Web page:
• Spliterator () This collection method returns a spliterator object that may be used to traverse the items sequentially or in parallel.
  • ReplaceAll (), calculate(), and merge() are methods in the Map collection.
  • The performance of the HashMap class with Key collisions has been enhanced etc.

Java IO Improvements

The following are some of the IO enhancements made in Java 8:

  • Files.list (Path dir): Returns a lazily filled stream, each element of which represents a directory entry.
  • Files.lines (Path path): Reads all the lines from a stream.
  • Files.find (): Returns a stream filled by a path after searching for files in the file tree rooted at a provided beginning file and many more. 
  • BufferedReader.lines (): Returns a stream containing all of the elements of BufferedReader’s lines and much more
  • Buffered

Miscellaneous Core API Improvements

  •  ThreadLocal’s static function with initial (Supplier supplier) allows you to build an instance quickly.
  • The default and static methods for natural ordering, reverse order, and other operations have been added to the “Comparator” interface.
  • The min (), max (), and sum () methods are available in the Integer, Long, and Double wrapper classes.
  • The logicalAnd (), logicalOr (), and logicalXor () methods have been added to the Boolean class.
  • The Math class introduces a number of useful techniques.
  • The JDBC-ODBC Bridge has been deactivated.
  • The memory space used by PermGen is no longer available.

Base64 Encode Decode 

For Base64 encoding, Java 8 has built-in encode and decode functions. The Base64 encoding class in Java.util.Base64.

Three Base64 encoders and decoders are provided in this class:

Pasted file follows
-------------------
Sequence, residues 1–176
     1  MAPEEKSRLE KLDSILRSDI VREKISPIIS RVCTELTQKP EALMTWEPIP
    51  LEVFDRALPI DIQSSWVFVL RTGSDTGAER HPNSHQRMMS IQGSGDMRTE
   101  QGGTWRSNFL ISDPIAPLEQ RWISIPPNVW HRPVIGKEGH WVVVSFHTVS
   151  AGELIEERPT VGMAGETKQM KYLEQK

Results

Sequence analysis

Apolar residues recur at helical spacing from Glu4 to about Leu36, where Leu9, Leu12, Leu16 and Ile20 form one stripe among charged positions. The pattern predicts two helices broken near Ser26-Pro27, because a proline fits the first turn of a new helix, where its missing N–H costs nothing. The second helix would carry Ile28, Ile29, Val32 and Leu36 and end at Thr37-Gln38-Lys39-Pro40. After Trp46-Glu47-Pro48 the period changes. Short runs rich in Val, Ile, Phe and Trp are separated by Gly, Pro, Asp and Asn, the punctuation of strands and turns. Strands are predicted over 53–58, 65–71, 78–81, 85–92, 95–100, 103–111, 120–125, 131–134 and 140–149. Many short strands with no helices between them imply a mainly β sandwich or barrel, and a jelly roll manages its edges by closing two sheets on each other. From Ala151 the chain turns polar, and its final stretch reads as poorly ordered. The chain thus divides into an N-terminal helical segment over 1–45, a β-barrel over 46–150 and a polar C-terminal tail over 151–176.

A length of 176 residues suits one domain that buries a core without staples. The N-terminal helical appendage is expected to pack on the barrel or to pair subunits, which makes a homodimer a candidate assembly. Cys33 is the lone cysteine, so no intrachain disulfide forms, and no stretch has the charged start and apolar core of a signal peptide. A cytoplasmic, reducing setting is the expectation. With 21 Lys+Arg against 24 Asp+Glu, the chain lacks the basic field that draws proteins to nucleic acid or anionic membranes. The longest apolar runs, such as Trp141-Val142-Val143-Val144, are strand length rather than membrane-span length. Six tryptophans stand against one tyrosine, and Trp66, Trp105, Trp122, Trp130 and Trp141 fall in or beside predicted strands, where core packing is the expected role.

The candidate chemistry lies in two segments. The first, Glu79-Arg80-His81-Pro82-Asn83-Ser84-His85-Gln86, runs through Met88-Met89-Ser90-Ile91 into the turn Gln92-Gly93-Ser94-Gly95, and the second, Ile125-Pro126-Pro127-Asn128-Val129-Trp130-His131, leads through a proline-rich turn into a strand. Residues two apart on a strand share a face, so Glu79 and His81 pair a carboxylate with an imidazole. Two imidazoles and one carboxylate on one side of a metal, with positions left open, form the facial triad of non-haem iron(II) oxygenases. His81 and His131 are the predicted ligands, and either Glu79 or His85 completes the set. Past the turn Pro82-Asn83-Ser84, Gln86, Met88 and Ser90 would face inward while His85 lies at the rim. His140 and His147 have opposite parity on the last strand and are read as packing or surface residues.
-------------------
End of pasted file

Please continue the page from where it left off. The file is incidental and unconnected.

• The output is mapped to a set of characters between A-Za-z0-9+/ in this version. The encoder does not add a line feed to the output, and the decoder rejects any character other than the above.
  • The filename safe is mapped to the set of characters between A-Za-z0-9+/, and the output is the URL.
  • The output of this sort of encoder is mapped to a MIME-friendly format.

Conclusion

As we can see, Java 8 offers a number of important features. Other programming languages, such as Scala, have inspired some of the features. Java must improve in order to avoid becoming outdated, and although certain features are rudimentary in comparison to other programming languages. 

FAQs

Q1: What are the characteristics of Java 8?
Ans: Following are the characteristics of Java 8:

  • Lambda expressions
  • Method references
  • Functional interfaces
  • Stream API
  • Default methods
  • Base64 Encode Decode
  • Static methods in interface
  • Optional class and many more

Q2: Why is Java 8 still popular?
Ans: The fact that Java 8 is an LTS (Long-Term Support) version is one of the main reasons for its continued popularity. Regrettably, not all Java versions are LTS versions! Only Java 8 (2014) and Java 11 (2018) have been recognized as having LTS since the policy was implemented. All subsequent versions, including Java 14 and the anticipated Java 15 (September 2020), will be LTS-free.

Q3: What changed in Java 8?
Ans: Some of the significant productivity enhancements are lambda expressions, the Streams API, and new methods on existing classes.